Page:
“But though they bridge St. Mary’s sea,
Or steal St. Michael’s wing—
Though they rear marvels over us,
Greater than great Vergilius
Wrought for the Roman king;

“By this sign you shall know them,
The breaking of the sword,
And man no more a free knight,
That loves or hates his lord.

“Yea, this shall be the sign of them,
The sign of the dying fire;
And Man made like a half-wit,
That knows not of his sire.

“What though they come with scroll and pen,
And grave as a shaven clerk,
By this sign you shall know them,
That they ruin and make dark;

“By all men bond to Nothing,
Being slaves without a lord,
By one blind idiot world obeyed,
Too blind to be abhorred;

“By terror and the cruel tales
Of curse in bone and kin,
By weird and weakness winning,
Accursed from the beginning,
By detail of the sinning,
And denial of the sin;

“By thought a crawling ruin,
By life a leaping mire,
By a broken heart in the breast of the world,
And the end of the world’s desire;

“By God and man dishonoured,
By death and life made vain,
Know ye the old barbarian,
The barbarian come again—

“When is great talk of trend and tide,
And wisdom and destiny,
Hail that undying heathen
That is sadder than the sea.

“In what wise men shall smite him,
Or the Cross stand up again,
Or charity or chivalry,
My vision saith not; and I see
No more; but now ride doubtfully
To the battle of the plain.”

The Individual in the West

marcus-cicero-freedomBookworm went on the National Review cruise this year, and how I envy her! What a glorious opportunity. She’s written a series of posts about it, which you should read. In any case, she wrote a post that she called National Review cruise — let’s talk about the individual in the West. The whole post is well worth your time and is linked below, don’t miss the comments, either, but I want to focus on something she said here.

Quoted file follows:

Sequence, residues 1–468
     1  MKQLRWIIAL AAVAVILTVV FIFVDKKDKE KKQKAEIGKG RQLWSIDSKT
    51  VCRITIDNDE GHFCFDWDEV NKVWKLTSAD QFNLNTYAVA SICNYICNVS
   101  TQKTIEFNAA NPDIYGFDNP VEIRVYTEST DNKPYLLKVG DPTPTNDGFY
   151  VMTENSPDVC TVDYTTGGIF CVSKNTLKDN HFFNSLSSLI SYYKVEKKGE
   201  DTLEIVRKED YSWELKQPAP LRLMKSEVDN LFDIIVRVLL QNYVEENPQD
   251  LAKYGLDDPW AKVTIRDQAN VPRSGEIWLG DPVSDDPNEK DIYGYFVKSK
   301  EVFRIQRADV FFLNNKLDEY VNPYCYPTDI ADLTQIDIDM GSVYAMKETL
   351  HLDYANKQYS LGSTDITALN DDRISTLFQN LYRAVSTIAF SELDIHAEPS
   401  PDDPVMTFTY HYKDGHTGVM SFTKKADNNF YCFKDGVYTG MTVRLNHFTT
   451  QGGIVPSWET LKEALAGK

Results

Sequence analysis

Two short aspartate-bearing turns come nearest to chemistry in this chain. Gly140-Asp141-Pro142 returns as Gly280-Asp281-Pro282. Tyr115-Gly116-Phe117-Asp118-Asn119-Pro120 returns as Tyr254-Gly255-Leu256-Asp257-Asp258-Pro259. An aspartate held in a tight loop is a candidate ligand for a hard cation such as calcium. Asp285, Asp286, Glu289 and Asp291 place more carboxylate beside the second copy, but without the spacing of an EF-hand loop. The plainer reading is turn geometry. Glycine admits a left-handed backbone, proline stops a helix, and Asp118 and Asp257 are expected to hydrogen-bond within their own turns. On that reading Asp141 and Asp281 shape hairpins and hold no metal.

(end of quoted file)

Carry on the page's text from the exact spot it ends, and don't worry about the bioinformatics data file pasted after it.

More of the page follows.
I’ve been reading Rabbi Joseph Telushkin’s Jewish Literacy, a book I highly recommend, not just for those interested in learning about all things Jewish, but also for those anxious to reconnect with Old Testament knowledge and interesting corners of world history. I especially enjoyed his Biblical discussions, because it’s been some years since I sat down and read the Torah.

What’s so striking about the Torah, of course, and what I believe has kept it the most vibrant book in the Western canon, is that it’s not a book about mass movements or ideological theories. It’s a book about people. Abraham who upends his family to follow a God, Sarah who laughs at that God, Jacob who wrestled with that God, Moses who argued with that God, David who fought for that God, and all the individually-named prophets who spoke for that God. Each person we meet in the Torah is someone we can imagine walking through our own communities today.

The same is true for the New Testament. Jesus is a vividly rendered personality, but so are the others who appear with him. Through their writings, we know Matthew, Mark, Luke, and John. The Apostles are real people grappling with the burden of a living Messiah whom they know will soon die, only to live again. And Paul — oh, my goodness! Through his letters he is one of the most vibrant people in world history.

But the West’s recognition of real people living in different times doesn’t end with the Bible. We discuss Roman history, not just in terms of battles and empire, but in terms of the personalities whose ambition, honor, greed, etc., made that history happen. When reading Christian-era Western history, names with vivid attached personalities tumble off the page: Charlemagne, William the Conquerer, Joan of Arc, Henry VIII, Cardinal Richelieu, each and every Borgia or Medici, Marie Antoinette, Lord Nelson, our Founders about whose personalities we are intensely interested, Abraham Lincoln, Winston Churchill, and even Barack Obama. In all cases, we want to know who they are and what drove them to take actions that are hinge points in history.

This is a remarkably different approach to the past and the president than under statism regimes, which seek at all levels to erase the individual. And I do mean all levels. The cults of personality that totalitarian societies cultivate, as in North Korea, have nothing to do with the real person. They are slickly enameled fakes that are meant to obscure rather than reveal the individual holding such immense power.